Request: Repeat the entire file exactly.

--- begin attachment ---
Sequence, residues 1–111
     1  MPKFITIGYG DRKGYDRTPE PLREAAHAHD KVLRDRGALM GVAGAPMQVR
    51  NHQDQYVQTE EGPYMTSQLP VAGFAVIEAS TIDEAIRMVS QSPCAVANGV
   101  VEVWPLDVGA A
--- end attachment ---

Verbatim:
Sequence, residues 1–111
     1  MPKFITIGYG DRKGYDRTPE PLREAAHAHD KVLRDRGALM GVAGAPMQVR
    51  NHQDQYVQTE EGPYMTSQLP VAGFAVIEAS TIDEAIRMVS QSPCAVANGV
   101  VEVWPLDVGA A